woensdag 4 mei 2016

Naivety was quite common those days

In the fifties of the last century the World Health Organization used the following definition of health: ‘Health is a state of total physical and mental well-being’.

The word ‘total’ in this definition is significant: apparently the ideal of a complete absence of any defect was held high, and the tendency was towards the formulation of absolute requirements and duties when it comes to the protection of health. If to that the faith is linked that all that is realizable, on the scale of the whole world, then that definition gets a little naive.

But such were the times. The horrors of the Second World War were still fresh in memory, and the ubiquitous reaction was: ‘The world must become a better place’. People started to reconstruct their lives, with a strong faith in science and technology and with an amazing optimism about progress. Thereby the leading elite, and therefore the authors of the declaration, was still largely recruited from the Eurocentric upper classes, who from their privileged position were inclined already to think according to strictly rational Kantian patterns and in terms of an undisturbed course of life.

Nowadays health authorities start from the somewhat more manageable concept of ‘positive health’: ie the ability to adapt. With this in mind, you can still be healthy with a chronic disease.

The aforementioned characteristics of the declaration on health, ie the universality of the definition and the totality of the concomitant protection, are also reflected in the declarations of human rights stemming from the same period. As in the UN Refugee Convention of 1951. It states inter alia that anyone who fears violence and persecution can count on protection in another country. By the word ‘anyone’, according to many current interpreters of that Convention, the drafters indeed meant: everyone on earth. And from the wording of such a universal right might very well speak the same naivety as from the idea of overall health.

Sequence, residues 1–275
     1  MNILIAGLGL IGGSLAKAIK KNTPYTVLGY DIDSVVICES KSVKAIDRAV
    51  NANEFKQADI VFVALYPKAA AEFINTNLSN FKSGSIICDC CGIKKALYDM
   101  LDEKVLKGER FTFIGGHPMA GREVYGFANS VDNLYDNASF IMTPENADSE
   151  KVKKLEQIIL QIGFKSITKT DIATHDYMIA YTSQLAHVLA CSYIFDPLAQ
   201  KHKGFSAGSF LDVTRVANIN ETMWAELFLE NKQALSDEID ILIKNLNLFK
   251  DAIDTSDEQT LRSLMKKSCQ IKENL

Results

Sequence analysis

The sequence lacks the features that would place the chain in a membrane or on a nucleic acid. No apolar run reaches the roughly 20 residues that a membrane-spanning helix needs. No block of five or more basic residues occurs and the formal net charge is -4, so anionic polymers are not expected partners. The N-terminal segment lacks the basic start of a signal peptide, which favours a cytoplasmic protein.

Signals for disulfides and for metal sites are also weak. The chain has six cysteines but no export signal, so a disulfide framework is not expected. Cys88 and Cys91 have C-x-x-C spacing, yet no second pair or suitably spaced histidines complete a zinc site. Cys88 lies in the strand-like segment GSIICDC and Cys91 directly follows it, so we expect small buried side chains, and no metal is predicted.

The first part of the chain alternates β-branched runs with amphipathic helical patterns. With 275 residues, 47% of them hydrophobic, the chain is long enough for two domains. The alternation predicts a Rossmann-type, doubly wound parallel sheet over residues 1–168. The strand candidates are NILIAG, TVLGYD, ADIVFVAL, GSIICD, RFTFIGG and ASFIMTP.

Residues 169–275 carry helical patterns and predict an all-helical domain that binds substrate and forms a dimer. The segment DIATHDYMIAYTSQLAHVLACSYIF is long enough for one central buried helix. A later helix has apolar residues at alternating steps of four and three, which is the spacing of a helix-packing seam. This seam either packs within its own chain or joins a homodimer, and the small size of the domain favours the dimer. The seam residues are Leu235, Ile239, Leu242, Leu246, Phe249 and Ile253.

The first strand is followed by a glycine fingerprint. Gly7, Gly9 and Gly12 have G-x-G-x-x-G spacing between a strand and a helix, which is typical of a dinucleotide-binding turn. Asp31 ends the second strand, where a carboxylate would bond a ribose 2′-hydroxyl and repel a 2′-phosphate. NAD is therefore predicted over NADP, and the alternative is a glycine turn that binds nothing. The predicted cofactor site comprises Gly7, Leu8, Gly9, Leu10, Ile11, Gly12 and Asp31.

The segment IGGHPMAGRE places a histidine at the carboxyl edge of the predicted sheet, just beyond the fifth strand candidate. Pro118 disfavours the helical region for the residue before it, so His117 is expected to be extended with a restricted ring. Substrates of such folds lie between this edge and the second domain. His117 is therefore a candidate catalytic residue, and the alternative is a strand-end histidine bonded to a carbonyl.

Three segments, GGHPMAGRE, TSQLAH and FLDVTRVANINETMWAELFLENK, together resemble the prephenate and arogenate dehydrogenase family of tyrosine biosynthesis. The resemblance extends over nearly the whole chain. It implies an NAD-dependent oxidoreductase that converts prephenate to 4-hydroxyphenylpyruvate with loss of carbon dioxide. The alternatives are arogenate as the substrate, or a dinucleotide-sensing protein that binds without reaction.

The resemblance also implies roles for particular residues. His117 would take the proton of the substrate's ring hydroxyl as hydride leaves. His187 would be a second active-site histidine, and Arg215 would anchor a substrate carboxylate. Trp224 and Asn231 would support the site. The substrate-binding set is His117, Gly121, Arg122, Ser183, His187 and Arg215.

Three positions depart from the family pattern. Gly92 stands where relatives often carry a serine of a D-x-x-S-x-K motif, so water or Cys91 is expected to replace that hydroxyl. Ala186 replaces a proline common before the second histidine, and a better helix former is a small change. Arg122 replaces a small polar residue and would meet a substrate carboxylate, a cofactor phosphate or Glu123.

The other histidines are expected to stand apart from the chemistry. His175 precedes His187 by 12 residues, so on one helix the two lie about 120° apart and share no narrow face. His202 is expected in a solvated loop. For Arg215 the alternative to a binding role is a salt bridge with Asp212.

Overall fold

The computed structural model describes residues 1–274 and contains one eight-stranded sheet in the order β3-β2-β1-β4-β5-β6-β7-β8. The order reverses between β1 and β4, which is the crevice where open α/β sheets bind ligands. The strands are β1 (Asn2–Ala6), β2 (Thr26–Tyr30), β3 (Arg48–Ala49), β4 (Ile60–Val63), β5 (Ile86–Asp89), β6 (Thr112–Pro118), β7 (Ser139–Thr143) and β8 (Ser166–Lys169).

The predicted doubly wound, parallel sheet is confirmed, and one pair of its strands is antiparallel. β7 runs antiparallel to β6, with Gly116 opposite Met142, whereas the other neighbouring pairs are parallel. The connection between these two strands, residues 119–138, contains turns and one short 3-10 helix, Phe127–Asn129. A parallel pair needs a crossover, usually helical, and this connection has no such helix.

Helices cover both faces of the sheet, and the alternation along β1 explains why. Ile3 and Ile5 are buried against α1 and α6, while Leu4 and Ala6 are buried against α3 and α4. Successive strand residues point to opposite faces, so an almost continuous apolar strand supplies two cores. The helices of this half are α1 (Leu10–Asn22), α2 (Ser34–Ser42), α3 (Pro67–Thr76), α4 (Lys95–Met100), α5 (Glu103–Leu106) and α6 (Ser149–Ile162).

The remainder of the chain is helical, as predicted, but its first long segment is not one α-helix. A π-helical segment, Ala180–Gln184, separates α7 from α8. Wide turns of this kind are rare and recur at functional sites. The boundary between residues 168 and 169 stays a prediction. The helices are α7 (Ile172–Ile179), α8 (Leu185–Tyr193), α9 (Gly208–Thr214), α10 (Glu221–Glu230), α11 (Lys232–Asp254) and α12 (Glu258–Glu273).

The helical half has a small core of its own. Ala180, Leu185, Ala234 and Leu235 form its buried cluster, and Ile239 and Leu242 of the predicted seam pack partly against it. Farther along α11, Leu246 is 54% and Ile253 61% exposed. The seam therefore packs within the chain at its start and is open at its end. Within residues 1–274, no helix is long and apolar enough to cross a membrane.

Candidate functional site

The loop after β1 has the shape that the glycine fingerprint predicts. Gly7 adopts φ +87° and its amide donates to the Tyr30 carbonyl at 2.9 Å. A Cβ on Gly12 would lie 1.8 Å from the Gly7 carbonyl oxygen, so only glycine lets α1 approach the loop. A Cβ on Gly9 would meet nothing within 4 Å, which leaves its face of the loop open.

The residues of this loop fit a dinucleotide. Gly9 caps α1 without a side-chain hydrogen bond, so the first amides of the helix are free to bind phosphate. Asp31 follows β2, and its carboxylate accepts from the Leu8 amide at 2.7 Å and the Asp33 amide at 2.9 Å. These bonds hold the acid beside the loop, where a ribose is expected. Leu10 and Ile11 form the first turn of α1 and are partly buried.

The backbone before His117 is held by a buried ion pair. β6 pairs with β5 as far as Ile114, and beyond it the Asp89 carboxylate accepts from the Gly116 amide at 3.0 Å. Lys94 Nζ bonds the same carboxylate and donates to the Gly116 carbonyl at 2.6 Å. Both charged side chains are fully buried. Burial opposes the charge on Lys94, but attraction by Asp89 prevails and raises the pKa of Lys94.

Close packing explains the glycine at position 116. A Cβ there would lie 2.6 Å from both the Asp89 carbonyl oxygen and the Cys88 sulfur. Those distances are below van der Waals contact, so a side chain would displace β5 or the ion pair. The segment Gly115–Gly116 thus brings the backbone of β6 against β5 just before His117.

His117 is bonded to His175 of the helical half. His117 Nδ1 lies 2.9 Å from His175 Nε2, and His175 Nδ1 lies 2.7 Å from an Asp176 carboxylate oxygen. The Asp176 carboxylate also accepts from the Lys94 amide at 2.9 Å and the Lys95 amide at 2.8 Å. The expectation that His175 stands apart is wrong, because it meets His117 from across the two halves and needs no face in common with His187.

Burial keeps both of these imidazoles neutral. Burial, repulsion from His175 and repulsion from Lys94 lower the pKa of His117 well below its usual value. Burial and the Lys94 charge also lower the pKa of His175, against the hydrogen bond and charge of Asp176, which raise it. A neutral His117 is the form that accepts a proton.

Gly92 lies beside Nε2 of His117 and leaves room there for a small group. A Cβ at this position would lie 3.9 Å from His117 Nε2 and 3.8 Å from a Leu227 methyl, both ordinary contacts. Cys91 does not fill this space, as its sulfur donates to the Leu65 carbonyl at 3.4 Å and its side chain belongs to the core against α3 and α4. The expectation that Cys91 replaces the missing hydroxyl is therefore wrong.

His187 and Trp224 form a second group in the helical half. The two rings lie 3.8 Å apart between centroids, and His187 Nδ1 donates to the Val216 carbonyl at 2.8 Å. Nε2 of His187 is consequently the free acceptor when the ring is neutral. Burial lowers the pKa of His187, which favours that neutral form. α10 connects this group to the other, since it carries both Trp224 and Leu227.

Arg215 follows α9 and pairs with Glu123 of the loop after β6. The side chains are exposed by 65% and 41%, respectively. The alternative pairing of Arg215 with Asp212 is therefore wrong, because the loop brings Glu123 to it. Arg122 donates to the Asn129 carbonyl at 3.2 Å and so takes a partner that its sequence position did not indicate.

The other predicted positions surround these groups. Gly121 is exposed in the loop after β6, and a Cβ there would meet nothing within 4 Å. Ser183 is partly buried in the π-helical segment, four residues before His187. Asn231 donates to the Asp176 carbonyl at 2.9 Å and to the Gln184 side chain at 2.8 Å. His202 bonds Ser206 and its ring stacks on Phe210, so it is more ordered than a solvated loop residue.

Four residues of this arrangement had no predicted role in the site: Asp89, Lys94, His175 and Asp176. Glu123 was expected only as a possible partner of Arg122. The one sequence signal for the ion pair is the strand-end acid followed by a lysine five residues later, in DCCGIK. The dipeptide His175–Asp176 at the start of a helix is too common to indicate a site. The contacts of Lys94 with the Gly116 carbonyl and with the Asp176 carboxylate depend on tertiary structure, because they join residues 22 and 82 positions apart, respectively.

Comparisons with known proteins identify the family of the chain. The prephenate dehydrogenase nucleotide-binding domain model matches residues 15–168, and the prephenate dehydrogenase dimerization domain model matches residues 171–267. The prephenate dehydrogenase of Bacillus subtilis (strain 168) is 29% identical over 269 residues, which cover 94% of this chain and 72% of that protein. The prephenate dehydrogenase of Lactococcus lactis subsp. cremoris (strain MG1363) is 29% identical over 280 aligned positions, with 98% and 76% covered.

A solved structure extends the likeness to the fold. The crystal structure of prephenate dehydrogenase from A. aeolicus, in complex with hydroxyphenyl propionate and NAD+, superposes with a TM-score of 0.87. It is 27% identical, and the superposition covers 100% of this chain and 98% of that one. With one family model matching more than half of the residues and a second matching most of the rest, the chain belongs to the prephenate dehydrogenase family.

Because if it comes to the point, according to the Convention, you are obliged to offer the entire population of a region at war the right to asylum. Even if the rest of the world does not participate. Even if would happen what Henri Beunders describes, that the region in war does not include ‘only’ 20 million Syrians, but also 6 to 7 million Eritreans, and another half a billion Africans if the situation explodes in Egypt, Libya and Nigeria.

The latter is not at all inconceivable, but the Convention does not allow to think about the practical managability of the situation we would then arrive at. The absolute terms of the Convention suggest that it really does not matter whether something is conceivable or inconceivable. That’s the way the Convention argues, with Kant and the fifties at its side.

Personally, I am not so sure about that. Theoretically I am, of course, but I mean in practical terms. Because unmanageable situations tend to create their own kinds of socio-political disasters.

Also see Values as natural phenomena and The whole world - or just a small part?